Identity - Identity, Persistence, and the Ship of Theseus...

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Identity, Persistence, and the Ship of Theseus Heraclitus’s “river fragments” raise puzzles about identity and persistence: under what conditions does an object persist through time as one and the same object? If the world contains things which endure, and retain their identity in spite of undergoing alteration, then somehow those things must persist through changes . Heraclitus wonders whether one can step into the same river twice precisely because it continually undergoes changes. In particular, it changes compositionally . At any given time, it is made up of different component parts from the ones it was previously made up of. So, according to one interpretation, Heraclitus concludes that we do not have (numerically) the same river persisting from one moment to the next. Plato is probably the source of this “paradoxical” interpretation of Herclitus. According to Plato, Heraclitus maintains that nothing retains its identity for any time at all: “Heraclitus, you know, says that everything moves on and that nothing is at rest; and, comparing existing things to the flow of a river, he says that you could not step into the same river twice” ( Cratylus 402A). But what Heraclitus actually said was more likely to have been this: “On those who enter the same rivers, ever different waters flow.” (fr. 12) On Plato’s interpretation, it’s not the same river, since the waters are different. On a less paradoxical interpretation, it is the same river, in spite of the fact that the waters are different. On both interpretations of Heraclitus, he holds the Flux Doctrine : Everything is constantly altering; no object retains all of its component parts from one moment to the next. The issue is: what does Flux entail about identity and persistence? Plato’s interpretation requires that Heraclitus held what might be called the Mereological Theory of Identity ( MTI ), i.e., the view that the identity of an object depends on the identity of its component parts. This view can be formulated more precisely as follows: For any compound objects, x and y , x = y only if every part of x is a part of y , and every part of y is a part of x . I.e., an object continues to exist (from time t 1 to time t 2 ) only if it is composed of all the same components at t 2 as it was composed of at t 1 . Sameness of parts is a necessary condition of identity. It now seems that if we want to allow that an object can persist through time in spite of a change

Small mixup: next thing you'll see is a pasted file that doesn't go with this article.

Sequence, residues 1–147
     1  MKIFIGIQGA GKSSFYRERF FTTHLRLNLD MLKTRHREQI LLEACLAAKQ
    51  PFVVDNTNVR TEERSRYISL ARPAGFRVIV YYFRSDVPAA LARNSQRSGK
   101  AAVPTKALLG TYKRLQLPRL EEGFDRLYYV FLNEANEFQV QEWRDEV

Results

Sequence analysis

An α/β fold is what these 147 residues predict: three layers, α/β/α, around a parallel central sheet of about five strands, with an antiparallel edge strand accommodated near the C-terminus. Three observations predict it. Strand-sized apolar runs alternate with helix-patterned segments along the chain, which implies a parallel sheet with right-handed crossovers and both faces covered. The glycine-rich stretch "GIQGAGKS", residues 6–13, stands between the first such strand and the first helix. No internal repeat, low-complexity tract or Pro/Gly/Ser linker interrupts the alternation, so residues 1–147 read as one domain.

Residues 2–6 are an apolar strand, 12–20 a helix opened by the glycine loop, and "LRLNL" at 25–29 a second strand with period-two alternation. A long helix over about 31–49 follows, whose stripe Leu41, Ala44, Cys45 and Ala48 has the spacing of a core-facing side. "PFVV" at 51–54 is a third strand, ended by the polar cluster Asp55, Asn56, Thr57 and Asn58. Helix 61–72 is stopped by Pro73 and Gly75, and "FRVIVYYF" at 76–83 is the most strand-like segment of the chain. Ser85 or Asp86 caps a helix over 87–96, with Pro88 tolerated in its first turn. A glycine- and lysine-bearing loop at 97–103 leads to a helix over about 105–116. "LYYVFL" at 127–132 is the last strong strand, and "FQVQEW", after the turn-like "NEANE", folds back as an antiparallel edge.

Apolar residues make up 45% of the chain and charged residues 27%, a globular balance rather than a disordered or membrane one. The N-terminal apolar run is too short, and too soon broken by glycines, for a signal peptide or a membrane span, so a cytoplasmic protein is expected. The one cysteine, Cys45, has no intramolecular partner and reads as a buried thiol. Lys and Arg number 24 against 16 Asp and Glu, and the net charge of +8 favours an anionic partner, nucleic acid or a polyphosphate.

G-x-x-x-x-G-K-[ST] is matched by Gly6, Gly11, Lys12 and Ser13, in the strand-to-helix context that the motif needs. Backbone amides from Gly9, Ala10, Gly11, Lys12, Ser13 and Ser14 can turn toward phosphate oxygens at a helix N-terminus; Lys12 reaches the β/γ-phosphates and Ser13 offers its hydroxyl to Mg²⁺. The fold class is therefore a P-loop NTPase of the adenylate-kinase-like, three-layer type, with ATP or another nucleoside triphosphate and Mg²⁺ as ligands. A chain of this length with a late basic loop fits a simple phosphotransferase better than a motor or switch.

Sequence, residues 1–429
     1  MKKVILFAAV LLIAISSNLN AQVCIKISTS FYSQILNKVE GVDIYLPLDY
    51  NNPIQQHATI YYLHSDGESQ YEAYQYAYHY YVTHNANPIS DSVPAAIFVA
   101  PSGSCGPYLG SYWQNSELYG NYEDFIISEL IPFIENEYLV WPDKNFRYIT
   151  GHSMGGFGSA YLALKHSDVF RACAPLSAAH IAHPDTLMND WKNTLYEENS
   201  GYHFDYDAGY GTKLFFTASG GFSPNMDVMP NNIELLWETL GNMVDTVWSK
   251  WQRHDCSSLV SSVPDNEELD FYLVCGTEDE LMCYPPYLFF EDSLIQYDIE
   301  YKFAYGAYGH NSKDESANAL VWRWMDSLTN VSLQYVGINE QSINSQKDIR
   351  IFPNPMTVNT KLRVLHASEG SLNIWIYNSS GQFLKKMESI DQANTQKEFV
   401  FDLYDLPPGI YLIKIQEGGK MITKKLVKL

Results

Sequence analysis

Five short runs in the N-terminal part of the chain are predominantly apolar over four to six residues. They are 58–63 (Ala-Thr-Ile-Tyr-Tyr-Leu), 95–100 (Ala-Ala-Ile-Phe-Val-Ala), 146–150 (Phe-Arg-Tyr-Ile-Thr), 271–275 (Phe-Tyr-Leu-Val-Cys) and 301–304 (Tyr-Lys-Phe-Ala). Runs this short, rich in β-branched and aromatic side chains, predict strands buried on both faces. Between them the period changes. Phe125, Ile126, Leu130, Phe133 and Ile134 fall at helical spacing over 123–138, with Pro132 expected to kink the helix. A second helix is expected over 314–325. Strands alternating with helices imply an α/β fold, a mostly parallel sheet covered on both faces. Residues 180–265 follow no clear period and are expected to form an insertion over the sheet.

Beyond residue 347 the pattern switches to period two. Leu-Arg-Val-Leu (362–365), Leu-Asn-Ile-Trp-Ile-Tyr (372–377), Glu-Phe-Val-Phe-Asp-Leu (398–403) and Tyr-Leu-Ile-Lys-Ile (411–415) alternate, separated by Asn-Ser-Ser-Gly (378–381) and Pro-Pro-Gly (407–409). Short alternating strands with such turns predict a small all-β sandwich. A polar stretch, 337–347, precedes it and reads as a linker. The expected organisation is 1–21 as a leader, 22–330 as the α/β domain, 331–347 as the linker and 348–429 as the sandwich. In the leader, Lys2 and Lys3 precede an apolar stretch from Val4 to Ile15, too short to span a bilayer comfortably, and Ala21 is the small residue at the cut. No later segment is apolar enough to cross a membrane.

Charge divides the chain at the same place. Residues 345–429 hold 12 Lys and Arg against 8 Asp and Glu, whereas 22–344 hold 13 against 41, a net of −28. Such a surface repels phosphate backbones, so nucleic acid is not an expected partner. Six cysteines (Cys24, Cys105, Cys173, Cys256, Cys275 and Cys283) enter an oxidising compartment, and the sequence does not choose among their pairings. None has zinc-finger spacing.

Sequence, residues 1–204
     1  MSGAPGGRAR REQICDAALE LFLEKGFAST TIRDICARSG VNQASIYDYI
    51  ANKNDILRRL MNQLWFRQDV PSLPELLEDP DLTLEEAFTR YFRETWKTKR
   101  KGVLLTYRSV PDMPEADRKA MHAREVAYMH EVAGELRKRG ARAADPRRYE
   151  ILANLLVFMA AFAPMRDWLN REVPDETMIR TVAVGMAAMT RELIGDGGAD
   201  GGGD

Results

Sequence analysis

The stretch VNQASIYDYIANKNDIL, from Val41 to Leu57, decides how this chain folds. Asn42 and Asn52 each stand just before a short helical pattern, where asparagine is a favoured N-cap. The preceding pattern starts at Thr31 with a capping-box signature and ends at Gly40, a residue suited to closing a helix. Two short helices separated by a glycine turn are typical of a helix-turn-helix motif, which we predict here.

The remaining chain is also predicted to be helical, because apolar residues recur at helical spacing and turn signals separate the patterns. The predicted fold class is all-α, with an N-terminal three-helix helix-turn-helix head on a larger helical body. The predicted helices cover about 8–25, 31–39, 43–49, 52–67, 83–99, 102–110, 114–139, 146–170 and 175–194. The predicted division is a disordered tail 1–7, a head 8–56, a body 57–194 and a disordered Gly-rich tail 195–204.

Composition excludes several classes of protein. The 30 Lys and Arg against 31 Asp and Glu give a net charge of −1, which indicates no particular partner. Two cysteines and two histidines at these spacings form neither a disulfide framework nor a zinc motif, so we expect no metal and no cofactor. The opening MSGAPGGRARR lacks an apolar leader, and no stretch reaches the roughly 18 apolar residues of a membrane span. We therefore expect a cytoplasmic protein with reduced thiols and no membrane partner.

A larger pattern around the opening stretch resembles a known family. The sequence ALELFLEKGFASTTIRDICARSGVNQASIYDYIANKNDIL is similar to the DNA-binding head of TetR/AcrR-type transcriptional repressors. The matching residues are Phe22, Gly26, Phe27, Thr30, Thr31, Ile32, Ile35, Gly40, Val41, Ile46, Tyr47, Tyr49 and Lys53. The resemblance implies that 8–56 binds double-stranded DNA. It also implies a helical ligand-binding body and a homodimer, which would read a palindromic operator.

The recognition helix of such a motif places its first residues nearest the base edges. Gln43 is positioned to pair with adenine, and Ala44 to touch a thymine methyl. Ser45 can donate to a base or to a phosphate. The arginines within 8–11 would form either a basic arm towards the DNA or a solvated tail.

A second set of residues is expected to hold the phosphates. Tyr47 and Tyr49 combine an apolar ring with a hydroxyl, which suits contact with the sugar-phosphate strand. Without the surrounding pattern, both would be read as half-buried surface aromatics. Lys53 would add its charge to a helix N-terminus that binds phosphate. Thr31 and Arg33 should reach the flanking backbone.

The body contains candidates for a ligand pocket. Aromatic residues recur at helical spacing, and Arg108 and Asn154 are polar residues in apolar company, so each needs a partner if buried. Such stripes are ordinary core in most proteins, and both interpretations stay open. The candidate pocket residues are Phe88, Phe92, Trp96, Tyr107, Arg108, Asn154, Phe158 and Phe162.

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This note was uploaded on 11/26/2011 for the course PHILOSOPHY 101 taught by Professor Buechner during the Fall '06 term at Rutgers.

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Identity - Identity, Persistence, and the Ship of Theseus...

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